Another reason was that one of my extra-curriculars prior to the pandemic was another source of triggers and many people who caused the triggers were connected to me in Facebook, where links to my blogs are often posted. I knew it would make attending the activity awkward, if not uncomfortable for all parties. Now that I'm no longer at that company or involved in the extracurricular, I feel it's time to dust off this website and bring it up to speed again. It's amazing how many new resources of info are out there, including YouTube videos and support groups. I love how much progress has been made in getting the word out and educating people about Misoophonia.
As devastating as the pandemic is, one thing I can say about it is having the ability to work from home has, for the most part, mitigated most of my triggers. Yes, I still scramble to mute my TV any time commercials come on (for some reason, marketing people have been using whistling as background more often than in the past or taking advantage of people's high-fidelity sound systems to show off how crunchy their chips are). I also have a new feather baby who, when she's not trying to join in my work zoom conversations, she chirps non-stop to get my attention, which only exacerbates any triggers I may be experiencing.
Unfortunately, this past week has brought those tensions to a new high for me in a way that I haven't felt in nearly five years. I've been spoiled by being about to isolate myself from most triggers during the pandemic but in the rare times I do go out, I don't have that kind of control anymore. Last weekend, when I was exposed to a trigger and I asked the person to please stop, instead of just stopping, the person modified what they were doing and proceeded to then ask, "Does this bother you?" When I turned my head away, the person continued modifying what they were doing and asking, "Does this bother you?" The person continued two more times. I can understand an initial trigger being unintentional but to deliberately continue doing different variations of it and asking me if it triggers me is even worse than the initial trigger. Instead of de-escalating the situation as soon as I said, "Please stop," it was like telling someone not to think of a white rabbit. If the rabbit hadn't been on the person's mind to begin with, it is now!
My heart raced at being triggered multiple times and my adrenaline kept building to an all-time high for me. It took all my energy to not bolt out the door or blow up like a bottle of soda shaken and ready to explode - in the middle of a restaurant no less. There's a reason why this condition is often referred to as "Sound Rage," (which is also the title to Judith Krauthamer's wonderful book about Misophonia). I felt a panic that I haven't felt in a long time. A physical adrenaline burst that shook me to the core. Even a week later as I'm writing this, my hands are shaking and my heart is pounding so hard that I feel the throbbing pulse against my collar bone and at the back of my jaw by my jugular.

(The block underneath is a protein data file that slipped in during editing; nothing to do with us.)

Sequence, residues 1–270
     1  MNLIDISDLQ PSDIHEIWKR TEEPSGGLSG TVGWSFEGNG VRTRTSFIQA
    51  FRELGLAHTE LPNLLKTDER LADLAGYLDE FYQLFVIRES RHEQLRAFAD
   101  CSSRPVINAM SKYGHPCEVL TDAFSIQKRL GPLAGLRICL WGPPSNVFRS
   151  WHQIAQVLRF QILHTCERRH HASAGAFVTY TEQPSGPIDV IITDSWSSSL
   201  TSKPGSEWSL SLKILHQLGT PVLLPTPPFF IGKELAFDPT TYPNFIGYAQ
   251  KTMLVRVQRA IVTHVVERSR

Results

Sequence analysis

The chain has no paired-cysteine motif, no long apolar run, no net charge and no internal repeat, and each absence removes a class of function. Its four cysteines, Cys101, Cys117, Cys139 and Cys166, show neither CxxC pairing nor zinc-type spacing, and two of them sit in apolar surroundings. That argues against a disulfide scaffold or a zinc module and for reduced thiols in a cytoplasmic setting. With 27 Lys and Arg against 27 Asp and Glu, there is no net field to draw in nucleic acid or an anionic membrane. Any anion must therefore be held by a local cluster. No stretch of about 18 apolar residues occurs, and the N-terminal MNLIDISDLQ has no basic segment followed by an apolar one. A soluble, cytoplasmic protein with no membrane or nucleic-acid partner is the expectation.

I wish I could go into more detail, like the detailed matter of fact blog recounting posts that I've done in the past, but I just haven't been able to calm down enough. Thinking about what happened brings back the sensations just as strongly as when the trigger occurred in the first place. On top of that, triggers that I normally can tolerate from my bird at home are now exasperated tenfold so that repetitive chirps to get my attention are as annoying as having a smoke detector with a failing battery at 1am.
I will say that the experience reminded me about how much this blog and website has not only been an outlet for me to vent my experiences, but also has helped people around the world, whether as a source of comfort for other suffers to know they're not alone, or for people with family/friends/coworkers who want to know what misophonia is all about.
I'm already bracing myself for many more triggers in the upcoming months. I have three upcoming trips planned before the end of the year. I haven't stepped foot in an airport since before the pandemic lockdown started, which is one of the most intense locations for being bombarded by triggers. Holiday time is also a big source of triggers. Avoiding holiday-related triggers is one of the reasons why I've spent Thanksgiving and other holidays by myself for nearly a decade.
I can only hope that I can get my heart to stop racing soon because adding new triggers on top of the adrenaline I'm already experiencing is going to just make it that much harder to come down.
Time to break out the kick-boxing gloves!